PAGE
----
4 Things to Avoid Saying to A Loved One With Generalized Anxiety

Common Mistakes That Friends and Family Make

Two women talking together in cafe.
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If you have a loved one with struggling with generalized anxiety disorder (GAD), you play an important role in helping that person feel supported and empowered to improve and become less anxious. But while you may have the best intentions, there are some mistakes people make in talking with someone with GAD that can actually make the loved one feel worse. 

The following is a list of common missteps that friends and family of those with GAD make, designed to help you avoid them.

It can also be used in conjunction with the previous article on things you can do to help.

1. Don’t Say “Stop Worrying About It”

One of the first impulses that friends have is to be protective of their anxious friend and try to take away his anxiety. Saying things like “it’s nothing to worry about," “stop worrying," or “it’s really not a big deal” often come off as patronizing and unsupportive. The person with GAD usually recognizes on some level that the worrying is stronger than it should be, but stopping it seems very hard. They know that their reactions are irrational, and having people comment on it can make them even more self-conscious and nervous. 

Instead, try saying and asking things like “how can I be helpful?,” “it’s OK, I’m here with you,” and “it sounds like this is really hard for you” instead. This shows you are there for them without any judgment. 

2. Don’t Solve Problems

After trying to take away anxiety and failing, you may find yourself wanting to switch into “problem-solving mode." This is when you attempt to constructively solve or remedy the stressful situation for your friend.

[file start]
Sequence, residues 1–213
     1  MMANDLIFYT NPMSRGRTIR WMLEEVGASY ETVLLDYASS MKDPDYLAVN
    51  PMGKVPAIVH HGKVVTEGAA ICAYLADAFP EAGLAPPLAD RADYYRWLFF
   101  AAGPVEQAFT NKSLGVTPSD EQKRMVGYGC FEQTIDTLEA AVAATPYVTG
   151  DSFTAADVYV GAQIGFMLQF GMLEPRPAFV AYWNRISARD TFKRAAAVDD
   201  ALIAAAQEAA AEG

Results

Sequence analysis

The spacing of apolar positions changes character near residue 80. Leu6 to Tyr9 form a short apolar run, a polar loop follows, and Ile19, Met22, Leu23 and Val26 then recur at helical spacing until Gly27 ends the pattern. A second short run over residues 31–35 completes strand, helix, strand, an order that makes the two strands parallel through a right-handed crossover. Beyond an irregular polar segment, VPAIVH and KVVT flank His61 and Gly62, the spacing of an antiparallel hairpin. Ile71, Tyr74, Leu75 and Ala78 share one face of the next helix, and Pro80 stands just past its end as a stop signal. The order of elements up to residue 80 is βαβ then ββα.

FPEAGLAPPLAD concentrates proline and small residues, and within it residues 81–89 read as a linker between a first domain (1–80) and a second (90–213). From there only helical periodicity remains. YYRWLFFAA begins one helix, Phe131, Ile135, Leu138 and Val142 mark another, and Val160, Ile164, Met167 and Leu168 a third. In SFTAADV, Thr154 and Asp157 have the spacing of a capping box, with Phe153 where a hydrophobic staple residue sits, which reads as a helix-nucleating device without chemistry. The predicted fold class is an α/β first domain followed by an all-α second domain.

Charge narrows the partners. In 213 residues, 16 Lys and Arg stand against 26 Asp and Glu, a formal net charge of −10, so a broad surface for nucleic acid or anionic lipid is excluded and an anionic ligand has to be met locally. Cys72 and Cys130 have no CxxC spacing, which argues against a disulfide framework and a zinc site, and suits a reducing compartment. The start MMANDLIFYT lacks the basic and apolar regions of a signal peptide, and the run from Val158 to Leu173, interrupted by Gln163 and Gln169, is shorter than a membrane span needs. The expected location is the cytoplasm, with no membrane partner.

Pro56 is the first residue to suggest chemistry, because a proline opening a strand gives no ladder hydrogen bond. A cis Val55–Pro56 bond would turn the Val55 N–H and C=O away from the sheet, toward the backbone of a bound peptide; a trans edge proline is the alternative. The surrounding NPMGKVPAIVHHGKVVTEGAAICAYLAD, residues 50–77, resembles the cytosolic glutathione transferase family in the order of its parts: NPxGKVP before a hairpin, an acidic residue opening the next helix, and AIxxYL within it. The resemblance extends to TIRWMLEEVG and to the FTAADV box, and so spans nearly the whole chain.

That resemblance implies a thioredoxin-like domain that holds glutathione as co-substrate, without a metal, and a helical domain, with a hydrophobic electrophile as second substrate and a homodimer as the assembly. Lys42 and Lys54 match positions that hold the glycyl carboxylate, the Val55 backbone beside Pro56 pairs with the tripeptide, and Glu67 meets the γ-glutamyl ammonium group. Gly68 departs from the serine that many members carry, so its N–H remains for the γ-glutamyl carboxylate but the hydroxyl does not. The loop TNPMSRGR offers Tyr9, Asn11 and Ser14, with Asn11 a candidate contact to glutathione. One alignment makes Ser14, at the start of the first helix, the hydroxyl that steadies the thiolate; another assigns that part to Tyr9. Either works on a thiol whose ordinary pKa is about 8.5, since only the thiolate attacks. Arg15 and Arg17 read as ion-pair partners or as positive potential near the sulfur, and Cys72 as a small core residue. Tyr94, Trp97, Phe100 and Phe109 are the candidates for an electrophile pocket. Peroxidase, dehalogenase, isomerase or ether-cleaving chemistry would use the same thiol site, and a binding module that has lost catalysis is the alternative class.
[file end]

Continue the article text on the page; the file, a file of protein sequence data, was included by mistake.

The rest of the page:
While you may think you're assisting your friend, often it misses the mark on what could be most helpful, which is being emotionally supportive. Just because someone has GAD does not mean that they aren’t intelligent or able enough to solve their own dilemmas and the time spent trying to reduce anxiety via problem-solving ends up being wasted.

Rather than launching into problem-solving, try taking a perspective that if you can be supportive and patient, your presence and understanding can often allow your friend to relax and work his problems out for himself.

3. Don’t Over-Function

When both of the above fail, some friends and family members will attempt to “over-function” as supports, where they begin to virtually take on some of their friend’s problems and center their lives on being helpers. Occasionally this can be necessary in extreme circumstances, but in large doses, it can foster dependence and can begin to take an emotional toll on the helping friend. It can make the person feel incompetent or untrustworthy, worsening their anxiety. Another way this occurs is when a friend essentially takes on a therapist role and attempts to treat the person.

Instead of leaping into action, encourage the person to get help for GAD, and work collaboratively to manage problems and anxiety with the person when she wants to, not when you feel the need to.

4. Don’t Lose Your Patience

Finally, it is easy for people who use any of the above mentioned tactics to lose patience with their friend. GAD is a battle that some people will fight for many years and simply solving the latest dilemma is unlikely to change a greater underlying problem.

Remain conscious of your role as a supportive friend, understand that your friend may be a “worrier” for a significant period of time, and make sure you utilize your own support system to avoid becoming stressed yourself.

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